Our Town: Are you ready for World War III?

Our Town: Are you ready for World War III?

The biggest news of 2022 is that we’re on the brink of World War III. The recent attempt by Mother Russia to retake Ukraine is proof that mad authoritarian states are alive and well around the globe.

Rigid control by authoritarian regimes has been in vogue for centuries and is still seen in nations like Russia, China, Iran and North Korea. Freedom and democracy are seen in only 50 percent of the world’s nations, including the United States, Japan, Australia, and most of Europe. According to the Freedom House report, there has been a 30-year global trend toward more authoritarian regimes due to growing feelings of widespread insecurity, anxiety, fear, instability, diversity and economic decline.

The report suggests that people are attracted to authoritarian leaders during times of anxiety. This was exemplified with Donald Trump’s election victory, which was largely based upon his use of the Wall metaphor designed to keep all the chaos out as immigrants flooded the southern border.

And it’s easy enough to blame Putin, oligarchs and authoritarian greed to explain why he invaded Ukraine, but let us explore the recent rise of authoritarian rule and why it remains as a dominant force in world politics and is the inevitable counterbalance to democracy and individual freedom.

A theory that explains our current problems was developed by the Frenchman Emile Durkheim, the world’s first sociologist. He worked in the early 1900s and observed that as fast-paced modernism, emerging technology and the growth of science began to ascend, the former more solid and time-honored social systems like religion and nationalism began to disintegrate.

In its place came what he called the Cult of Individualism and the wish for unbridled freedom, unreasonable gratifications and what he liked to call “froid moral,” or loose morals.

Durkheim coined the term “anomie” to describe the end point of this psychological state, including aimlessness, lack of connection, depression and alienation. Albert Camus’ “The Stranger” is a perfect demonstration of this state. In this novel a man attends his mother’s funeral, feels no remorse, leaves the funeral home, gets involved in a senseless murder and is arrested. The prosecutor cannot understand why the man committed the murder and why he seems to have no feelings.

Being a stranger in a strange land is what we mean by anomie and remains a remarkably common state in today’s world. Many of my patients complain of feelings that their life has no purpose and that they feel depressed and even suicidal about it.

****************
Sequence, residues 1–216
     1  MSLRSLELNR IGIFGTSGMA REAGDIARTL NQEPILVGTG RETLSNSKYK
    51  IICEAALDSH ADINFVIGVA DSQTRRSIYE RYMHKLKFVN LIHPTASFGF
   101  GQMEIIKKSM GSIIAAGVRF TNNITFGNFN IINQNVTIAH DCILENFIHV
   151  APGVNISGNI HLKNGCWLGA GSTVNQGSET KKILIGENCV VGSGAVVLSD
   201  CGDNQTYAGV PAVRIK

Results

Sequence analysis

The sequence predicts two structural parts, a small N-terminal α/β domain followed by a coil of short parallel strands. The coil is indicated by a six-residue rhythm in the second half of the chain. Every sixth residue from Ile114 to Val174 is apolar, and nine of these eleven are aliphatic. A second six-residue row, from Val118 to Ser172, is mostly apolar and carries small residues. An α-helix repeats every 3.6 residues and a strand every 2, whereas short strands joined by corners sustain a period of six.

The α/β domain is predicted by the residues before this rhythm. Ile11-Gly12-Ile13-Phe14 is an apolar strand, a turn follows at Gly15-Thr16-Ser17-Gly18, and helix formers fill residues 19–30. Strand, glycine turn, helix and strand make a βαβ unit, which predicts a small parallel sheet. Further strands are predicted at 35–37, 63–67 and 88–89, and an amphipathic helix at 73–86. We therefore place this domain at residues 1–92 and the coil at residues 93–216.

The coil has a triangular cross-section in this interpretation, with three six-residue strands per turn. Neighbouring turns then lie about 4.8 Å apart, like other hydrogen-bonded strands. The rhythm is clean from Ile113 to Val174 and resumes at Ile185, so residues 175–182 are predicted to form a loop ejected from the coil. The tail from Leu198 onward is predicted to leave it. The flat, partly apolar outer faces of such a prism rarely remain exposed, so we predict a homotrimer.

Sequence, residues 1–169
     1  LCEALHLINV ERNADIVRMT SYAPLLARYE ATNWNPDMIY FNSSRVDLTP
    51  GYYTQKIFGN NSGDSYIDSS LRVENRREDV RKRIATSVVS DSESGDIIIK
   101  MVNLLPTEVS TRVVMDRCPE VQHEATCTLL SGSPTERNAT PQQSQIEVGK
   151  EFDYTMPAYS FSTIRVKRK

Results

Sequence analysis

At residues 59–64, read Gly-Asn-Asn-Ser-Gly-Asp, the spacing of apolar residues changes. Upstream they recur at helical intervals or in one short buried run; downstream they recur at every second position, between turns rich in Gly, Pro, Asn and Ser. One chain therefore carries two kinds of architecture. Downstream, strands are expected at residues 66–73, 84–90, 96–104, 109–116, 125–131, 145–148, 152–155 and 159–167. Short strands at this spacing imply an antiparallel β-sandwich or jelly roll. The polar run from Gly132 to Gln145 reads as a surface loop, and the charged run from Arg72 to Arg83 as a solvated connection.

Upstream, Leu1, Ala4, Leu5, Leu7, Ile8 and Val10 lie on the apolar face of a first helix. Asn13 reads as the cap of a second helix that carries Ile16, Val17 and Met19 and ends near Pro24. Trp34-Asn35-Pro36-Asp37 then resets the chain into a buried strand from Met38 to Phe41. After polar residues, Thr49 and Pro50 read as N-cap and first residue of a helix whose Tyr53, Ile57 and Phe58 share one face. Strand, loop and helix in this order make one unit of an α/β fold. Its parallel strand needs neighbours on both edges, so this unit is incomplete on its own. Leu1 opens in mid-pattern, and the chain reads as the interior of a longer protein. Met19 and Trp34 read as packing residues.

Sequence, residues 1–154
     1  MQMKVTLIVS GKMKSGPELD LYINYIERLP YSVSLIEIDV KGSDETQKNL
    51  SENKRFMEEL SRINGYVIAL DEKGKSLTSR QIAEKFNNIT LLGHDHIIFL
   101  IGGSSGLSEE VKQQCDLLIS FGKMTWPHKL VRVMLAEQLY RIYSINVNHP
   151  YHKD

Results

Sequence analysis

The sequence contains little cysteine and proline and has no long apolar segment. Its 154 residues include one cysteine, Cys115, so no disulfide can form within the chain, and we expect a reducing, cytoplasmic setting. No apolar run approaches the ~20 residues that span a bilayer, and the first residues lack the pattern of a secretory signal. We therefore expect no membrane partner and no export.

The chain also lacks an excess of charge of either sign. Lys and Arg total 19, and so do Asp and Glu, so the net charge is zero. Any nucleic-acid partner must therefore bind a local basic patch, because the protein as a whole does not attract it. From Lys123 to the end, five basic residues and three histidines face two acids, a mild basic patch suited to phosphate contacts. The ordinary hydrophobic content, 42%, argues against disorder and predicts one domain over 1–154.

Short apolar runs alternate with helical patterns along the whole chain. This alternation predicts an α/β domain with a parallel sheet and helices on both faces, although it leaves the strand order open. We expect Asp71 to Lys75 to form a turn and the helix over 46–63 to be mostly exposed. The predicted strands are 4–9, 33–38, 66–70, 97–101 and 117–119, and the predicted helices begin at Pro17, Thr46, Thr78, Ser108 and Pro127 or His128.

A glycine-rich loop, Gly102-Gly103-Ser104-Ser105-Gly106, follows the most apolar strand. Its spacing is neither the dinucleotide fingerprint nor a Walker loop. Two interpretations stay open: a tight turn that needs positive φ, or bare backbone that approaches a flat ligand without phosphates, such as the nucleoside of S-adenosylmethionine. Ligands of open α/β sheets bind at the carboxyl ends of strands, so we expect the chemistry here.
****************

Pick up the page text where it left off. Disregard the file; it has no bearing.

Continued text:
Today more than ever we live in a disconnected world where we increasingly interact with computers and not humans. Civic involvement has all but disappeared. This is unhealthy, unnerving and unsettling. To be human means to be involved with oneself but also to be embedded in society. Rampant individualism cannot sustain a person forever.

So, when people are caught in a whirlwind of change, feel disconnected, alone, anxious, stressed and depressed, anyone who offers some structure and meaning will ascend to power. Thus, authoritarian rule becomes attractive and is why we have seen this trend both in European nations and even our own.

COVID exacerbated our anomie with all the isolation that it caused. We saw the explosion of deviance, crime, social unrest, and unhappiness last summer as the discontented took to the streets in social protest. This same unrest and anomie are with us today and now it’s Russia’s turn to act out the misery with this insane attempt to take over a neighboring country.

Anomie is caused by a lack of moral structure and a lack of boundaries. This strange state of confusion is perfectly demonstrated by Mother Russia. Emile Durkheim would tell us that we give up our traditional social institutions at our own peril. Progress is inevitable and we are all forced into change as a result. But as our former institutions disintegrate and as we fail to replace them with better holding environments, then people become anxious and confused and the world turns into an even more unpredictable and dangerous place.

Around the time Durkheim was developing is theory of anomie, the American historian Henry Adams, a descendant of two presidents, wrote “A Law of Acceleration” in 1906. He worried that if science continued to develop too rapidly, mankind might not be ready to manage all the changes. This has now come to pass.

Science has produced nuclear bombs and the internet and modernism and post-modernism have overwhelmed most of us to the point of confusion and frustration. And as COVID recedes from our lives, what comes into view now is a madman who has a nuclear arsenal of bombs and is ready to push the button. Who could have predicted all of this?

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